Paper No. 3
Presentation Time: 8:30 AM


DELINE, Bradley, Department of Geosciences, University of West Georgia, 1601 Maple St, Carrollton, GA 30118, KINISON, George L., Geosciences Department, University of West Georgia, 1601 Maple Street, Carrollton, GA 30116 and AUSICH, William I., School of Earth Sciences, The Ohio State University, 275 Mendenhall Lab, 125 S. Oval Mall, Columbus, OH 43210,

Balancing the breadth and detail of sample collection is an integral part of experimental design. This is particularly true for studies attempting to quantify morphology in that adding landmarks, tracing outlines, or coding discrete characters can be time consuming such that the more detail that is added the more narrow a study will likely become. The choice of discrete characters is particularly difficult to use to quantify morphology because the number of characters, the choice of features to code, the amount of character dependence, the resolution of character states, and the relative focus on different body regions can all potentially influence the results.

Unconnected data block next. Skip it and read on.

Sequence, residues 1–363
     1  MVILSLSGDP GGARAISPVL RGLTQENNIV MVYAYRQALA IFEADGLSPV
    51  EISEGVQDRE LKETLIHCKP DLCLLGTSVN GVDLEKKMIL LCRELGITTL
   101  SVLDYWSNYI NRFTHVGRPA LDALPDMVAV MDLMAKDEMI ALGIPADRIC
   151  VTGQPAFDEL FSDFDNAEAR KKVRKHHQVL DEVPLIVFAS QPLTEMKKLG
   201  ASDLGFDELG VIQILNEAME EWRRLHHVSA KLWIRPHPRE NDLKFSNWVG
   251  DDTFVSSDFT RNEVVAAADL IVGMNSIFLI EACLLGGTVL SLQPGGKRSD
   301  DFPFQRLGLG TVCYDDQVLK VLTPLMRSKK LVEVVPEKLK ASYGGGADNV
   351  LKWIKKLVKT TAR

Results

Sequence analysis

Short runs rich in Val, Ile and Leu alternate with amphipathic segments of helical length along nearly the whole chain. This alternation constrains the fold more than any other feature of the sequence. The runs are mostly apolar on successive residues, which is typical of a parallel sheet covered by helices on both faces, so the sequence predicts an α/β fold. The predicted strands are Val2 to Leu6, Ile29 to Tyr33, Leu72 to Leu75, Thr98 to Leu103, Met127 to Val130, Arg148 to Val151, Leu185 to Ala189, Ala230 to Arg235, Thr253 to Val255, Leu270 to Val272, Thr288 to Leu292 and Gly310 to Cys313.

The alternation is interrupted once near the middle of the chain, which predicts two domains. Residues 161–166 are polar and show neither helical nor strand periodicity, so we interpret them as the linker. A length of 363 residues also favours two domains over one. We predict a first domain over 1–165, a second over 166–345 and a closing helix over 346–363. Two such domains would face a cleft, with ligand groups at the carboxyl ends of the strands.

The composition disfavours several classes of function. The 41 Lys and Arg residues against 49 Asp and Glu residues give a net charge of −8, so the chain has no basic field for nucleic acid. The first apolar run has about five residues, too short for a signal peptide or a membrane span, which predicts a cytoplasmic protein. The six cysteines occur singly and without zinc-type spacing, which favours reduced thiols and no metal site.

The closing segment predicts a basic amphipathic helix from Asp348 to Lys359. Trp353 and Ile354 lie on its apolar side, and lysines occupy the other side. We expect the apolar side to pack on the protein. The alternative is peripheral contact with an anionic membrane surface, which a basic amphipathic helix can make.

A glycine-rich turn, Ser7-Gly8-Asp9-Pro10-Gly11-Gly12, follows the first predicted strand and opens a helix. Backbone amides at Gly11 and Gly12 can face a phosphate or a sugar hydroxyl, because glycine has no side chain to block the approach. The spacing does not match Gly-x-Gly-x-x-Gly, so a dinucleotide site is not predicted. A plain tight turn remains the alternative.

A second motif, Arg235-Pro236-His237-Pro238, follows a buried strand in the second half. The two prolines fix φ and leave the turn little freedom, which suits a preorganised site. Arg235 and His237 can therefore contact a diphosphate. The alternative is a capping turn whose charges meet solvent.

To explore how sampling relates to the quantification of morphology a new crinoid character set was constructed as part of the Assembling the Echinoderm Tree of Life Project which includes characters from all body regions (holdfast, stem, calyx, tegmen, and arms). The character set includes 178 binary and multistate characters which were then analyzed using Principal Coordinate Analysis. This dataset is ideal for this study in that the analysis of different sub-groups produces contrasting arrangements in morphospace: the entire dataset results in two distinctive groups, only including non-camerates (disparids, cladids, hybocrinids, and flexibles) results in slightly overlapping groups, and only examining the camerates result in a single cluster. A rarefaction analysis was conducted on each of the datasets in which a subset of characters was randomly chosen, analyzed, and compared with the morphospace built using the original character matrix in terms of the position of crinoids along the primary axis, amount of variance (disparity), and the relative position and distance between crinoids. The results indicate that the properties of the dataset (in all three cases) can be obtained with a subsample of only 10-30% of the character matrix. Though using the smaller character subsets results in a loss of detail in the morphospace, a large character matrix may not be required to detect the patterns of interest in morphological studies.